What do I bid when the opening bidder bids my bid?
E.g. bids 1NT and that is what I want to bid and I don't have a 5 card suit.


There are several common situations with different handlings:

  • Opener to your right bids your best suit and you have 12+ points:

    Pass and hope partner can make a balancing double, which you can then convert to penalty by passing. Update The rationale in this case is that opponents, if partner is bust or close to it, actually have sufficient strength to bid game and perhaps make it. Let them discover for themselves that the breaks are bad and that you are end-playable, hopefully too late to salvage a plus.

  • Opener to your right opens a weak 1NT and you have the same hand:

    Pass; unless partner can act in the balancing seat you are more likely to be plus by defending 1NT then by attempting to make a higher contract.

  • Opener to your right opens a strong NT and you have the same hand:

    It is common to double with this hand though many experts prefer to Pass as above. It is not clear to me that either approach is better in the long term than the other. The increased points held by you and opener make it much less likely that partner can reopen, but you may be able to make 8 tricks in partner's longest suit even when he has only 5 or 6 points.

  • Opener to your left opens your best suit, you have 10+ points, and you are put in the balancing seat:

    Partner with likely shortness in opener's suit could not act, and so is weak. Either the opponents have underbid, or they are in trouble; either way you are best to let the auction die. The hand is either a misfit for both sides or opponents have failed to find their fit.

  • Opener to your left opens 1NT (either weak or strong) and you have the same shape and announced range:

    Pass, especially if you have methods allowing entry over a 1NT opening to show various unbalanced intermediate hands. Nobody is getting rich on this hand, except by doubling over-aggressive opponents. Take your Average Plus result.

The fastest way to improve your scores is to become a better defender - by practicing your hand counting, your leads, your defensive signalling, and finally by practice. There is often much room for error by both defenders an declarer on these balanced low part scores. Taking one trick more on defence than your peers will often get you a very good score. Enjoy the opportunity of practicing your honed skills.

If the opponents are halfways decent they will declare as often as you and your partner, so you will be defending twice as often as you declare. Repeat that thought; again. Practice your defence, and practice your defence again. Any delusion that you can win at this game through constant sacrificing against their contracts is just that - a delusion.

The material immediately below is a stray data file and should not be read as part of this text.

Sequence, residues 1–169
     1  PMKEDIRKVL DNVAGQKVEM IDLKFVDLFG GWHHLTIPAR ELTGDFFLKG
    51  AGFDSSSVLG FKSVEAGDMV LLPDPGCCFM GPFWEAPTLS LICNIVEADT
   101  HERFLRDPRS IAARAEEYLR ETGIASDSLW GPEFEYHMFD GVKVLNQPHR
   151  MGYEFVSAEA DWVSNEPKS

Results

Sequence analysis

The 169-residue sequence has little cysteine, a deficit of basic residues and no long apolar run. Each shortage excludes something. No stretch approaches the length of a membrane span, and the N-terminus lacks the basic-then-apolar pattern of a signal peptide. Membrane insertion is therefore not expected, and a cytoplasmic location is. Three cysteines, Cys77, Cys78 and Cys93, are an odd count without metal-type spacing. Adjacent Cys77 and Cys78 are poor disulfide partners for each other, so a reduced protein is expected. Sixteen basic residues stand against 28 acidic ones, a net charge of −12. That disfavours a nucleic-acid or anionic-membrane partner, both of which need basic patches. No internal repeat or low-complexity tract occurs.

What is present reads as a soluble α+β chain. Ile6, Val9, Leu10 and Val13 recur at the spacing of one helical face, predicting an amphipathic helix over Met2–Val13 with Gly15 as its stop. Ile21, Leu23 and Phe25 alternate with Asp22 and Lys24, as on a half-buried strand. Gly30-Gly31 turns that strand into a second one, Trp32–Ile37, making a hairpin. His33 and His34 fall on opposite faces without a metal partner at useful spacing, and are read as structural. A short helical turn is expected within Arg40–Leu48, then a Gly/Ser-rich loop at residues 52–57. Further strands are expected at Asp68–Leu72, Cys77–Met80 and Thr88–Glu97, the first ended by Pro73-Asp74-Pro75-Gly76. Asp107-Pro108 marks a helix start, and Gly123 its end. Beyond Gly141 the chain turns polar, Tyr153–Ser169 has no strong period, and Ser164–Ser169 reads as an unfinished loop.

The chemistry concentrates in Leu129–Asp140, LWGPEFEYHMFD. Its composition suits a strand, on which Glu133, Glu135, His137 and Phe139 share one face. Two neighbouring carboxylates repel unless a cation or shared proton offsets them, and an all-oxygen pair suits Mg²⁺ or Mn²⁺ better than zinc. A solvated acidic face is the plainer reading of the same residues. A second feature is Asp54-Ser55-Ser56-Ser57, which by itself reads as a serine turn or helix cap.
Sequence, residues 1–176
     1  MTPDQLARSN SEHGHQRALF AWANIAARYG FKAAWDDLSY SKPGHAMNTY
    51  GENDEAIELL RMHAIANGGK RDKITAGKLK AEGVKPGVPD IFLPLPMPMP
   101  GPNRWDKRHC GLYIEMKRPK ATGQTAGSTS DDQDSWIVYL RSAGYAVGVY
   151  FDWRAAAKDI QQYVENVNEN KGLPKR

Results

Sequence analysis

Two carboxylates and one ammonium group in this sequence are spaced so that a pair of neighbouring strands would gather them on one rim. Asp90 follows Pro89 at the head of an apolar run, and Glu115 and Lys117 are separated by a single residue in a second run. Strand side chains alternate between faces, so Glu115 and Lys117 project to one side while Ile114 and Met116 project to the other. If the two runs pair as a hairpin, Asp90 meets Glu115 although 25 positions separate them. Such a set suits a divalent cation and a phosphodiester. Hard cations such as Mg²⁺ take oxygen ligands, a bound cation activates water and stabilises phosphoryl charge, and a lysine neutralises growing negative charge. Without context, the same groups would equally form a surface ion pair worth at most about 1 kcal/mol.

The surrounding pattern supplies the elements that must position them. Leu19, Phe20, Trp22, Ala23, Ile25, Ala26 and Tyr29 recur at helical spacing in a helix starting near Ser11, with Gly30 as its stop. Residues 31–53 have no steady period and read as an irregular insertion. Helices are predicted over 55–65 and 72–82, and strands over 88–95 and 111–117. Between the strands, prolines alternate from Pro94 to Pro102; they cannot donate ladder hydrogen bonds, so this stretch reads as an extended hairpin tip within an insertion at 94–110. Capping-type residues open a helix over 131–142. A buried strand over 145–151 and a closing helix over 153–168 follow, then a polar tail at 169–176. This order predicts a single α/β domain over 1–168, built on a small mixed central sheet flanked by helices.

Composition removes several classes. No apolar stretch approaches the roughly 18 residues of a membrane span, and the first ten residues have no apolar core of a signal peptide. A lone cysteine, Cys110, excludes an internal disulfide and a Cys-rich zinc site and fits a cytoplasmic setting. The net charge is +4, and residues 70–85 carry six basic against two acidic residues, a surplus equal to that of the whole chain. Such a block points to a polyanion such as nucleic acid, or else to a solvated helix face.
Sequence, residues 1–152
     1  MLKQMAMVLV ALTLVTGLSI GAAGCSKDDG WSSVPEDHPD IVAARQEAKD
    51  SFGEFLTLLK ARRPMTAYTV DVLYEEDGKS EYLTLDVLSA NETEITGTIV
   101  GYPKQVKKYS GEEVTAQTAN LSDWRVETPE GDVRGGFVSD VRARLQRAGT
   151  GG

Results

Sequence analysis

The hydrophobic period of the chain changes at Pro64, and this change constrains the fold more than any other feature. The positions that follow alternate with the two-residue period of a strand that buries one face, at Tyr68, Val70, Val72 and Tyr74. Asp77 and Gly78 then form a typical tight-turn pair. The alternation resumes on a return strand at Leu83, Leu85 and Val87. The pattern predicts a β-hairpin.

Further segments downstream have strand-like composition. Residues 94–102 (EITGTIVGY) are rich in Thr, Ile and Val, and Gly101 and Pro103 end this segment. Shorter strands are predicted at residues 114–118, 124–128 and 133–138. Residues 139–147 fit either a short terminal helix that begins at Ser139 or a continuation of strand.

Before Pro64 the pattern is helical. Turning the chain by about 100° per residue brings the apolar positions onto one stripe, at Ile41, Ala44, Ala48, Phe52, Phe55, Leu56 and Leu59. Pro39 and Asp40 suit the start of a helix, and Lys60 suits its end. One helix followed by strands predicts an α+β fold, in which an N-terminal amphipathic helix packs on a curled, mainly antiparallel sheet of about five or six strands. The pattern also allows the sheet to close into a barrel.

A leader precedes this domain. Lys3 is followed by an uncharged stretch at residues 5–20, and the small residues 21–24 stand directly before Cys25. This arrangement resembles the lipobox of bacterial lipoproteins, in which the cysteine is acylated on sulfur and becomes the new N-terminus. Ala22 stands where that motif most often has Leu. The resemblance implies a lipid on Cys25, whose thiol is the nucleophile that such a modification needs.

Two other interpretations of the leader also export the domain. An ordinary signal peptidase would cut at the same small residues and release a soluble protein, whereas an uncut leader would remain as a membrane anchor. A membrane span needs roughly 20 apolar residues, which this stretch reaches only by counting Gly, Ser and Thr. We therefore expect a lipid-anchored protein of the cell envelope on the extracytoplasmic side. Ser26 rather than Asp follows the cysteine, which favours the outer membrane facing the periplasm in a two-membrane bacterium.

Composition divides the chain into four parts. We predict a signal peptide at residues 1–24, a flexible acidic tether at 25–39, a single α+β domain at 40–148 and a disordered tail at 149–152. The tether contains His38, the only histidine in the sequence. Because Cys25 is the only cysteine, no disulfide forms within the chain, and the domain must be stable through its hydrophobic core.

In most cases, the best course of action is to pass. If you pass when you have opening values, this is known as a "trap pass."

Your (right hand) opponent (RHO) bid, and stole the so-called "first mover" advantage. This is an advantage on offense. The opponents have a head start on declaring, which is not necessarily to your disadvantage, because they may get too high if you keep silent and prepare to play defense.

By passing, you try to preserve the right of "last action" (ultimately you hope that it will be your decision to pass, bid, or double). This is an important advantage on defense. Right now, you know that your opponent has an opening hand, and wants to play in no trumps, but s/he doesn't know the same about you. You also have the advantage that your RHO is "onside" finesses that may go into your hand, which may be an unpleasant surprise for this opponent. Don't give up this advantage at this point by bidding.

The reason you pass, is because you want to hear from the two partners. If RHO has 12-15 points and you have about the same, the other two players have only 10-16 points between them. There are three main possibilities:

1) Both partners are fairly weak (each has about half of the outstanding points, or 5-8 points).

2) Your partner is fairly strong (has most of the 10-16 remaining points), and your opponent's partner has "nothing."

3) Opponent's partner is "strong" and your partner has nothing.

You will be able to tell the situation by how the partners bid. Basically, with you and RHO opponent finely balanced in strength, you don't want to take action until you hear from your partner, or at least RHO's partner.

The time to take action (or not) is when the smoke has cleared.That's why I say "pass for now."

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